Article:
Much of this has already been covered in the Cobb ruling. Just like the Cobb "disclaimer stickers", the Dover statement makes lots of noise about evolution being problematic in some way ("gaps in the theory exist for which there is no evidence"). The Cobb judge wrote, on this point, "The Sticker also has the effect of implicitly bolstering alternative religious theories of origin by suggesting that evolution is a problematic theory even in the field of science. In this regard, the Sticker states, in part, that 'evolution is a theory, not a fact, concerning the origin of living things' that should be 'approached with an open mind, studied carefully, and critically considered' . . . By denigrating evolution, the School Board appears to be endorsing the well-known prevailing alternative theory, creationism or variations thereof, even though the Sticker does not specifically reference any alternative theories."
All of this applies to the Dover statement. The statement has the effect (and, I think, the intent), solely of misleading students regarding the significance and value of evolution in the scientific community, and "denigrates" evolution in order to endorse the "alternative theory" of intelligent design.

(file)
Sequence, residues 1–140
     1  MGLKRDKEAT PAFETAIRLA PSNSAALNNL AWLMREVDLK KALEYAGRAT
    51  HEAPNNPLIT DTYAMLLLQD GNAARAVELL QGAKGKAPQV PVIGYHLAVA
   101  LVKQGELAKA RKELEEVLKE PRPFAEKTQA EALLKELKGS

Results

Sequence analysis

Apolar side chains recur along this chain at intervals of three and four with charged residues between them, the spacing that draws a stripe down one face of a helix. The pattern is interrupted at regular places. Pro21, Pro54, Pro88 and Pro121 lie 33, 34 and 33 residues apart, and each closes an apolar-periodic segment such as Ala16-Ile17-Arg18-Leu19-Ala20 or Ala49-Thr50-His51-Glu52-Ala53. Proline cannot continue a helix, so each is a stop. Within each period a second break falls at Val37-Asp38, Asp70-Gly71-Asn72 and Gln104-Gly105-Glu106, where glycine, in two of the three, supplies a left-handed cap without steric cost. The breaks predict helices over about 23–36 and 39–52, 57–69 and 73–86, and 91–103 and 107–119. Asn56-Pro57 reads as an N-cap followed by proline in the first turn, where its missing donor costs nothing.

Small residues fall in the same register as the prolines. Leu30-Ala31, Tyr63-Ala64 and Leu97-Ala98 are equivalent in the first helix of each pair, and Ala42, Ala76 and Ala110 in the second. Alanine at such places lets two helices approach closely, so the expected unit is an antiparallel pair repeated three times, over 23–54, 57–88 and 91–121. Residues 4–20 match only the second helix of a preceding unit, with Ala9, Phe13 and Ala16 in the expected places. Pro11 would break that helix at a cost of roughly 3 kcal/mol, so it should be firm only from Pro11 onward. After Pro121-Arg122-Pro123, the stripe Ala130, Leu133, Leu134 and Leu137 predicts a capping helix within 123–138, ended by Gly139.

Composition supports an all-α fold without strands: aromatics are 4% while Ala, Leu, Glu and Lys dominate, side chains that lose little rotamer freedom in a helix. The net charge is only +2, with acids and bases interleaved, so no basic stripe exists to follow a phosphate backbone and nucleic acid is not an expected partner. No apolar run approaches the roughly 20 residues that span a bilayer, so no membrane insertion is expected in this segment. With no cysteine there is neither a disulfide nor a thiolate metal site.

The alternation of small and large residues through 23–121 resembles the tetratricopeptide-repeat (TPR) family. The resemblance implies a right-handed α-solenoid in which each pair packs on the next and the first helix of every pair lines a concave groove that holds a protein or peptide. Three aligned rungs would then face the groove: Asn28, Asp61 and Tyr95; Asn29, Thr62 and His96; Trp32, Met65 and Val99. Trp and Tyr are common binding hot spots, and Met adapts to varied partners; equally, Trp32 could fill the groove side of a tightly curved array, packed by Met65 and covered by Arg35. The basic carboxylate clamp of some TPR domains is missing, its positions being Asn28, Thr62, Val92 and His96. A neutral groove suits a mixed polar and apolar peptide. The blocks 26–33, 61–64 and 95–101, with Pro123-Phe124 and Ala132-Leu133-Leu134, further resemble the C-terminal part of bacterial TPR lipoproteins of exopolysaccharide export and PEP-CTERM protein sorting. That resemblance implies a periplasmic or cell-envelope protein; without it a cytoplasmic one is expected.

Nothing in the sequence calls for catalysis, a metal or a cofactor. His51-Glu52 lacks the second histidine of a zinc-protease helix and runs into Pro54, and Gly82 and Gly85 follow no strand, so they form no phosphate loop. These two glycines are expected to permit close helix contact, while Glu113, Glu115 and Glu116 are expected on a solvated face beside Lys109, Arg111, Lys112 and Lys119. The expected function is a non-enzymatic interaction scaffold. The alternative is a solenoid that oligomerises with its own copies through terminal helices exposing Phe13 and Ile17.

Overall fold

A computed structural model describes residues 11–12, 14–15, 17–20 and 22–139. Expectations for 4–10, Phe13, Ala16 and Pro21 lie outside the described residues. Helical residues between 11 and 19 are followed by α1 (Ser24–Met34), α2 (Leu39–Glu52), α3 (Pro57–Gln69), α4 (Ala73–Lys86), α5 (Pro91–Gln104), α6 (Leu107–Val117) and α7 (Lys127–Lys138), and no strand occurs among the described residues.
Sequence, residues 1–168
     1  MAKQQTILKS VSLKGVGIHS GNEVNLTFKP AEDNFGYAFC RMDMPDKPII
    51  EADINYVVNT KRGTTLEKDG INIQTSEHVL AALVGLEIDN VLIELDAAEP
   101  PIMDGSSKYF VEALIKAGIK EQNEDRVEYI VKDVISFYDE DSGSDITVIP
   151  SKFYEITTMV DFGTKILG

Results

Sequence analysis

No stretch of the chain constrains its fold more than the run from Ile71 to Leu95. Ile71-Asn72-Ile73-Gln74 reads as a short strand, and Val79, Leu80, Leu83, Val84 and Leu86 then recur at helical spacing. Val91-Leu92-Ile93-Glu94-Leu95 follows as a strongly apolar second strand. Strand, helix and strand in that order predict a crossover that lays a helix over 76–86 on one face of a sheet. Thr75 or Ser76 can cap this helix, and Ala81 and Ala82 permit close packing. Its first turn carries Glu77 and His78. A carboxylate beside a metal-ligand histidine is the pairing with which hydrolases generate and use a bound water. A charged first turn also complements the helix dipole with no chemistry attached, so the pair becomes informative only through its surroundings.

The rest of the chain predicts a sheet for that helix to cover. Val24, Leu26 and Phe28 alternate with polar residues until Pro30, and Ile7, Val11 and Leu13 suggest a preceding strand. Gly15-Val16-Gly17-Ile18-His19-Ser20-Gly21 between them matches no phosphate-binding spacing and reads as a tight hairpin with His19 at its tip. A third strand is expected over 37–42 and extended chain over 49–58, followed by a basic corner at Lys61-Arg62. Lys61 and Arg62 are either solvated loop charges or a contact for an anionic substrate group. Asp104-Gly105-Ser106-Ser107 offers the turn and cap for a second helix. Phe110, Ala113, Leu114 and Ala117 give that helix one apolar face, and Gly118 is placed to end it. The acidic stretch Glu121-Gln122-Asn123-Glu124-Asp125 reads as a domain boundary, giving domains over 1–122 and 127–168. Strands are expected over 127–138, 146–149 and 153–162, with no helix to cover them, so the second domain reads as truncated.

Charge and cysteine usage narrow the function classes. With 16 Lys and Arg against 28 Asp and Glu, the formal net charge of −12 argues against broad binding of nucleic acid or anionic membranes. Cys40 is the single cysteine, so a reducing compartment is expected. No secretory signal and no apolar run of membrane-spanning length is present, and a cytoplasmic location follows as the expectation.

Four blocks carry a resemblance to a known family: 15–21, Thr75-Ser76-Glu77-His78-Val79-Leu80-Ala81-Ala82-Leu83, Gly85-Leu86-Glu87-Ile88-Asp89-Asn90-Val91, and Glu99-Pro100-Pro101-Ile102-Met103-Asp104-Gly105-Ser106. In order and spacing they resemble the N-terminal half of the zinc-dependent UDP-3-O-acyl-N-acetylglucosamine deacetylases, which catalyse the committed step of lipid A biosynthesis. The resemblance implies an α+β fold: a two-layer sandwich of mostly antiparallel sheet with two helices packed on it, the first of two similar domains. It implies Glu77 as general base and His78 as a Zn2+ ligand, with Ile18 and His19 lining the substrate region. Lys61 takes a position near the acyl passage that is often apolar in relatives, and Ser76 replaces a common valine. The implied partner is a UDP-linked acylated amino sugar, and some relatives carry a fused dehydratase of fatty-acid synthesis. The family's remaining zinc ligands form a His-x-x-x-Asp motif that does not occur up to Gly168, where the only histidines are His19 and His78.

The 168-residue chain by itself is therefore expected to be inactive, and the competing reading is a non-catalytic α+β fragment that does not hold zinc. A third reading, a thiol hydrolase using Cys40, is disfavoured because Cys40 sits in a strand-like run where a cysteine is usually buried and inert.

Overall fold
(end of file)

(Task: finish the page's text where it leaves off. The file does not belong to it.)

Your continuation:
And, despite the Board's rather transparent attempt to cover its butt by defining a "theory" in the scientific sense, the Dover statement also clearly attempts to maintain the same "evolution is a theory, not a fact" argument that already lost in Cobb County. "In this regard," says the Cobb County judge, "the Sticker states, in part, that 'evolution is a theory, not a fact, concerning the origin of living things' . . . However, the evidence in the record and the testimony from witnesses with science backgrounds, including the co- author of one of the textbooks into which the Sticker was placed and Defendants' own witness, Dr Stickel, reflect that evolution is more than a theory of origin in the context of science. To the contrary, evolution is the dominant scientific theory of origin accepted by the majority of scientists."
Note too that the Dover statement specifically and clearly singles out evolution, and ONLY evolution, as worthy of special mention as "a theory" with "gaps". The Cobb Judge found similar focus in the Cobb sticker, and cited it as a reason why the statement is unconstitutional: "[T]he message communicated to the informed, reasonable observer is that the School Board believes there is some problem peculiar to evolution. In light of the historical opposition to evolution by Christian fundamentalists and creationists in Cobb County and throughout the Nation, the informed, reasonable observer would infer the School Board's problem with evolution to be that evolution does not acknowledge a creator."